Footings of any type described above should never be placed on poor soils or other inappropriate materials. When these conditions are encountered, the material should be completely removed and replaced with controlled fill or concrete.
There are two basics fundamentals necessary for installing a footing--location and shape. The location is decided by the load that is to be distributed. The shape depends on the design engineer's analysis or variables considered. To form the shape of the footing in southern areas of the country, shallow footings can be installed by trenching or cutting the ground to the desired depth and using the ground as a form. Deeper foundations require extensive excavation with the footing being shaped with the use of side wall forms.
The most common forming material for footings, standard dimensional lumber, can be used several times before it needs to be replaced. If the soil conditions permit, "2-by-4s" or other dimensional wood forms the top of the footing. Then, the ground is excavated from the area between the forms until the proper footing depth is reached. If the soil is not self-supporting, the side forms must be the full height.
Some contractors, however, opt to use steel forms because of their durability and rigidity. Typically 4 inches in depth, steel channels and tubing are the most commonly used materials. Loops or slots for installing steel stakes are cut into or welded to the forms. A variety of manufactured forming systems made of metal, fabric or plastic are also available. Some of these systems are left in place and incorporate the foundation drainage into the form system.
The final option is to place the footings without forms. This is done directly on flat surfaces on rock or high capacity soils when the footing does not need to distribute the load of the structure.
Width and depth
Generally, footings are constructed to extend 2 to 3 inches beyond each side of the foundation wall to provide a sufficient platform for the wall forms. This design also exceeds the normal requirements for load transfer based on the soil bearing capacity. However, if the soil capacity is poor (less than 1500 psf) or loads are high, wider footings may be required that necessitate transverse reinforcing or greater bearing area. Typically, basement footing depths of 8 to 10 inches are adequate and common. In any situation, however, the footing should not be less than 6 inches or one-half the footing width minus the wall thickness, whichever is greater.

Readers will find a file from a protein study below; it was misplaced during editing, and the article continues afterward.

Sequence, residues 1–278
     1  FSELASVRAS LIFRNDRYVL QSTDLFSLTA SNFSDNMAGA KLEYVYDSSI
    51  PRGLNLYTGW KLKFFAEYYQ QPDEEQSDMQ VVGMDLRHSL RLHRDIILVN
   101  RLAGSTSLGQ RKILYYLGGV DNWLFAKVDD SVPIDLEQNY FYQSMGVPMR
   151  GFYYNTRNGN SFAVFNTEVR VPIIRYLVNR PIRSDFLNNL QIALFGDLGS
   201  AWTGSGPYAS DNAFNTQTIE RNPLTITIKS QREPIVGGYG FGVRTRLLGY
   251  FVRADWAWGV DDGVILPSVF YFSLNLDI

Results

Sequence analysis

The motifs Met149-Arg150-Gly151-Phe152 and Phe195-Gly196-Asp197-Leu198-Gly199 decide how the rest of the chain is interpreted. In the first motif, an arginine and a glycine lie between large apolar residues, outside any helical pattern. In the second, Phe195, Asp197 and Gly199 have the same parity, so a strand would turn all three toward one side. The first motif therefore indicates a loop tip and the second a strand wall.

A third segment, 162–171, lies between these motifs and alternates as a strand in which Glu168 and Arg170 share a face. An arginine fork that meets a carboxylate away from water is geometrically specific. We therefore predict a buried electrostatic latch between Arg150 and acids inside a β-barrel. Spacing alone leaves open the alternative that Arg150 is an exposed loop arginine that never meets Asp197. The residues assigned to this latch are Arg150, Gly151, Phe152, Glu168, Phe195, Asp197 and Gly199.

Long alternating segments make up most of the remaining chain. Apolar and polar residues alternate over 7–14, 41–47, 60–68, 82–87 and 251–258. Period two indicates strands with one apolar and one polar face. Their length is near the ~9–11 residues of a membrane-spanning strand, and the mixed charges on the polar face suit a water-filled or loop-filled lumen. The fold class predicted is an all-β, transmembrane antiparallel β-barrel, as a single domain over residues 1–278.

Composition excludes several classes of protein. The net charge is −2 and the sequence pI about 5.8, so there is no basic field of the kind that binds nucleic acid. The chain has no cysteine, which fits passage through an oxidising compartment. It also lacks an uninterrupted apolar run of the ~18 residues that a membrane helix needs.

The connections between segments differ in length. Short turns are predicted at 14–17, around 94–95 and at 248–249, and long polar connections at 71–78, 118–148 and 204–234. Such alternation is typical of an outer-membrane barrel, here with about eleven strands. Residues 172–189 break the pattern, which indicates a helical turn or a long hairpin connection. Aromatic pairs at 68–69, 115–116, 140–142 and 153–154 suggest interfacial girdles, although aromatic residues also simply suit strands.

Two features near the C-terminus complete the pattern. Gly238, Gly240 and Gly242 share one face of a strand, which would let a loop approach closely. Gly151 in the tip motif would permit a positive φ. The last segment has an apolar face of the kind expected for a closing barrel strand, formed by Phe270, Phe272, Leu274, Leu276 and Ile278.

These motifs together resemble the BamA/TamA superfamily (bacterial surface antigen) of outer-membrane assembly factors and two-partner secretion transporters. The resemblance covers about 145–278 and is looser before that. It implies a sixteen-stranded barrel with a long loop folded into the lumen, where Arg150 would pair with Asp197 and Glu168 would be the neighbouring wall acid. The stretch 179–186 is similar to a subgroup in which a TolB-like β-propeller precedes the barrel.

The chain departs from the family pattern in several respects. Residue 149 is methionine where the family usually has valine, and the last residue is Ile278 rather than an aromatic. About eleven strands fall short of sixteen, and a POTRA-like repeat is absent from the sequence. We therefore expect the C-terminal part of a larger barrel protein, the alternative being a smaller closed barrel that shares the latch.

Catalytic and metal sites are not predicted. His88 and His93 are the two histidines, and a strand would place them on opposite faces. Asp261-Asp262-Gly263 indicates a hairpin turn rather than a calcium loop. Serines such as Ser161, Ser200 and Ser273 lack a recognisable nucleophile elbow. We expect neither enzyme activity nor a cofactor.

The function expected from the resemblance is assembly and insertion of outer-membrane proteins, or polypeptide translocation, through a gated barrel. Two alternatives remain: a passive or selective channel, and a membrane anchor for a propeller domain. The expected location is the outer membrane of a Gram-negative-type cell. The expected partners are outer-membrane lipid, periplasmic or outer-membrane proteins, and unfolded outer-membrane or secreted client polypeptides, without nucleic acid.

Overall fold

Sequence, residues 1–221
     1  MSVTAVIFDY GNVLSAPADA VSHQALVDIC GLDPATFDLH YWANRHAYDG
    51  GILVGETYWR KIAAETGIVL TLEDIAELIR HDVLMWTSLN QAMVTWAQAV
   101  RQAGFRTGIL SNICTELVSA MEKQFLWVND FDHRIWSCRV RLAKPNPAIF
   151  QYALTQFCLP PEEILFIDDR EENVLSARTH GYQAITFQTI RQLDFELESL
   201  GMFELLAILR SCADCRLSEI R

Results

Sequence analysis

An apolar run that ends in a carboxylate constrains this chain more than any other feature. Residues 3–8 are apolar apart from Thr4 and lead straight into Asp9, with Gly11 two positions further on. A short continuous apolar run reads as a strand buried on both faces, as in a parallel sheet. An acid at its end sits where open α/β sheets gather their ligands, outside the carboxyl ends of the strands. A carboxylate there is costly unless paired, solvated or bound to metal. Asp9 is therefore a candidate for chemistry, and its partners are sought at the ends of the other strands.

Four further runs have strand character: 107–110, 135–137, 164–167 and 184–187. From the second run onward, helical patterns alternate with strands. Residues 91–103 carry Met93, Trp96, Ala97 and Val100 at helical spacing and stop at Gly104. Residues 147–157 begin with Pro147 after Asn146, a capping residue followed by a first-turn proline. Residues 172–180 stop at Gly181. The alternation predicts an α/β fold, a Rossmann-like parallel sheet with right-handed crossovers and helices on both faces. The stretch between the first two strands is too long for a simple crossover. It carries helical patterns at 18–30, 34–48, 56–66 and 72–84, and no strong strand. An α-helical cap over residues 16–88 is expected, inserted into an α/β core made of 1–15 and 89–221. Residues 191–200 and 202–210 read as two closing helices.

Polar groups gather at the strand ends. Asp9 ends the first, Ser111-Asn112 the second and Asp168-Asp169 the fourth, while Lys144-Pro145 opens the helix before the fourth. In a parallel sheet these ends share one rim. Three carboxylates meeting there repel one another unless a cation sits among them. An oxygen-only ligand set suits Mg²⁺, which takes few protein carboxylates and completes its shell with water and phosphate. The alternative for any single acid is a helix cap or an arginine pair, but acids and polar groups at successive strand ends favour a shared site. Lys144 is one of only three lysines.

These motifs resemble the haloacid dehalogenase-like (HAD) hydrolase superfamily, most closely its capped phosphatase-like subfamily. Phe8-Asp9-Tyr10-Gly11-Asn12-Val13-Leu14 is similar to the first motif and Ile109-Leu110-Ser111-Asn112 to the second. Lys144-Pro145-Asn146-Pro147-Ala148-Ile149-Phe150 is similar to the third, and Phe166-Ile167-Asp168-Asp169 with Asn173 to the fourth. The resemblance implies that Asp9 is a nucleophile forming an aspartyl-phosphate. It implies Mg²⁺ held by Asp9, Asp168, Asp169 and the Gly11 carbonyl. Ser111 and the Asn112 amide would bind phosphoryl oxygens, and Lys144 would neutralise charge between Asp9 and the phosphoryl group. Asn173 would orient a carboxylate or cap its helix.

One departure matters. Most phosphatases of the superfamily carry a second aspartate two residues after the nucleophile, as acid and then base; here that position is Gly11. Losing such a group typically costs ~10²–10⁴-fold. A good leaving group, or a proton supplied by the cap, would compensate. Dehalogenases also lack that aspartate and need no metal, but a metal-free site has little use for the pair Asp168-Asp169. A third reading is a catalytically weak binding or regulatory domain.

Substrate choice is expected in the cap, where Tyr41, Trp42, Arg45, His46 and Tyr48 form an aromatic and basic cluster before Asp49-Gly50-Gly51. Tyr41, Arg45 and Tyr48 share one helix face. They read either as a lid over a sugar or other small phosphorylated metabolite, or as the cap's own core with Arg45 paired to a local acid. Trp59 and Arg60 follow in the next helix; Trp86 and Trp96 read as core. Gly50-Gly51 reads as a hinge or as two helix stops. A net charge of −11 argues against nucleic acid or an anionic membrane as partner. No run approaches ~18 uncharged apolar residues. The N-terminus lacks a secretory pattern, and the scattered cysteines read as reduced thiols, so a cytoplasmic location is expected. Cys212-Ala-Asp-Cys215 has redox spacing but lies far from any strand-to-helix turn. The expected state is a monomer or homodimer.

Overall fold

Transverse reinforcing may be needed if the footing extension beyond the wall exceeds the depth of the footing. For example, an 8-inch-deep footing with an extension of 10 inches beyond the side of the foundation wall would require transverse reinforcing. A licensed engineer should be consulted to determine the specific requirements for the reinforcing. Longitudinal reinforcing is common to control shrinkage cracking and to increase strength over narrow excavations.
Educating the industry
Jim Baty, technical director for the Concrete Foundations Association, said the footings should not be underestimated.
"It is the base on which the entire structure rests. Our association has recognized for a long time that education in the fundamentals of soil capacity and performance, as well as foundation construction and design, is a necessity. We take pride in having provided this service now for more than 15 years."
The CFA, and other industry trade associations, offer a variety of educational seminars on the basics of foundation construction, which include a detailed analysis of proper footing construction techniques. Dates for these seminars offered by the CFA are available online at www.cfawalls.org.
For more information on the detailed construction recommendations for footings, review the CFA Standard or contact the American Concrete Institute (ACI) for copies of their Guide to Residential Concrete Construction (332R) or Requirements for Residential Concrete Construction, as well as the current International Residential Code (IRC).
Ed Sauter is executive director of the CFA. He can be contacted at 319-895-6940 or at www.cfawalls.org.